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Decision-making at the limits of viability: recognising the influence of parental factors
  1. Lucy K Smith,
  2. Ruth J Matthews,
  3. David J Field
  1. The Infant Mortality and Morbidity Studies, Department of Health Sciences, Centre for Medicine, University of Leicester, Leicester, UK
  1. Correspondence to Dr Lucy K Smith, The Infant Mortality and Morbidity Studies, Department of Health Sciences, Centre for Medicine, University of Leicester, Leicester LE1 7RH, UK; lucy.smith{at}

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Advances in antenatal and neonatal care of very preterm births have significantly improved the survival of babies who were once seen as non-viable,1–3 highlighting the need for reconsideration of the limits of viability.4 Recently, the American Academy of Pediatrics Neonatal Resuscitation Programme amended their recommendation to withhold resuscitation from babies born below 22 weeks of gestation rather than 23 weeks.5 6

Despite these trends, the well-established high rates of severe morbidity associated with survival at 22–24 weeks of gestation raise difficult ethical and policy questions when determining management policy, counselling parents and deciding whether to initiate intensive care. Care at these gestations is often referred to as individualised with many doctors only initiating active care if the parents are in clear agreement that they should do so. Inevitably, this can lead to significant variation in practice.7 A recent systematic review of 34 guidelines among 23 different countries highlighted that 68% supported the use of just comfort care at 22 weeks of gestation, but there was a lack of consensus regarding care provision at 23 and 24 weeks.8 In contrast from 25 weeks of gestation onwards, 65% supported active treatment and resuscitation.8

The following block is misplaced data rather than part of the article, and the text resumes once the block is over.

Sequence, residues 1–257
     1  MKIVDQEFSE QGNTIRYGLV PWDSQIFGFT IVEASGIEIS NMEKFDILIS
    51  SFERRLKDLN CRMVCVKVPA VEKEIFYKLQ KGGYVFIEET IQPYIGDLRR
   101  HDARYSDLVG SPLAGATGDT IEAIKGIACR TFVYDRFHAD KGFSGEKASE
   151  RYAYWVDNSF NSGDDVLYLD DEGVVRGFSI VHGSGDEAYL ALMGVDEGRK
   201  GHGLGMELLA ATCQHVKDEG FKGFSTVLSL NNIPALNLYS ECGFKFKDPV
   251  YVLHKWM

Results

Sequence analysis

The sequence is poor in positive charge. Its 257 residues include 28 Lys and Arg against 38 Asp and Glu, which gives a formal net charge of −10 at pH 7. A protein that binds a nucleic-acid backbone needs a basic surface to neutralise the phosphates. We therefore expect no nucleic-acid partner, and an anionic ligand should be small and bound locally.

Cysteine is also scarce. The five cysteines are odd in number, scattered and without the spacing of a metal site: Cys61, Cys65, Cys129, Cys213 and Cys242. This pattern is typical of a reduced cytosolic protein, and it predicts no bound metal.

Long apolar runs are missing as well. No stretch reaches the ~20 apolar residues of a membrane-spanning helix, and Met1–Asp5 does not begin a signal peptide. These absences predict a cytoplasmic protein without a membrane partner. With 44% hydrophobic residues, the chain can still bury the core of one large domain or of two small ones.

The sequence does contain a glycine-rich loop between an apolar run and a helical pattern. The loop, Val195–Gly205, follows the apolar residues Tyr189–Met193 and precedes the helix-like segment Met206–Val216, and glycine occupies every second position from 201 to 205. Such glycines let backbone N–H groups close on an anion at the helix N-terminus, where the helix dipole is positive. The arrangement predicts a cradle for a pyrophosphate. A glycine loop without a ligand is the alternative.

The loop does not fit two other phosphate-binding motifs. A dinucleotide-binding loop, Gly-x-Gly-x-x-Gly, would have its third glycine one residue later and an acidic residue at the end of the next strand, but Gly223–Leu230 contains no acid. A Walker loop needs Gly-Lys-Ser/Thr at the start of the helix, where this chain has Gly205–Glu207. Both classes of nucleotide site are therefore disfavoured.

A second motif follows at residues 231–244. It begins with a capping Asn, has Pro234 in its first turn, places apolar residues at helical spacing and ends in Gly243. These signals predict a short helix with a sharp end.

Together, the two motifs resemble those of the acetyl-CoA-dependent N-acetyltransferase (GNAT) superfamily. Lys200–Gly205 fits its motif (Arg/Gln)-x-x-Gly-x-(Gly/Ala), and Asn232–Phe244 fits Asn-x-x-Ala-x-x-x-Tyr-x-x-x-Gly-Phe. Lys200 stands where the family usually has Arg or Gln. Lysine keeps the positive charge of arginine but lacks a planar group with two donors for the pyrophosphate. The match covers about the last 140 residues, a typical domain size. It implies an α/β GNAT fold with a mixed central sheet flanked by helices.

Morisaki and colleagues9 explored variations in the management of babies born at 22–24 weeks of gestation in Japan. They considered the influence of socioeconomic factors on death during delivery and up to 1 hour of life, which they labelled the peridelivery period. Death during …

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  • Funding LS is funded by a National Institute for Health Research Career Development Fellowship. This article presents independent research funded by the National Institute for Health Research (NIHR). The views expressed are those of the authors and not necessarily those of the NHS, the NIHR or the Department of Health.

  • Competing interests None declared.

  • Provenance and peer review Commissioned; internally peer reviewed.

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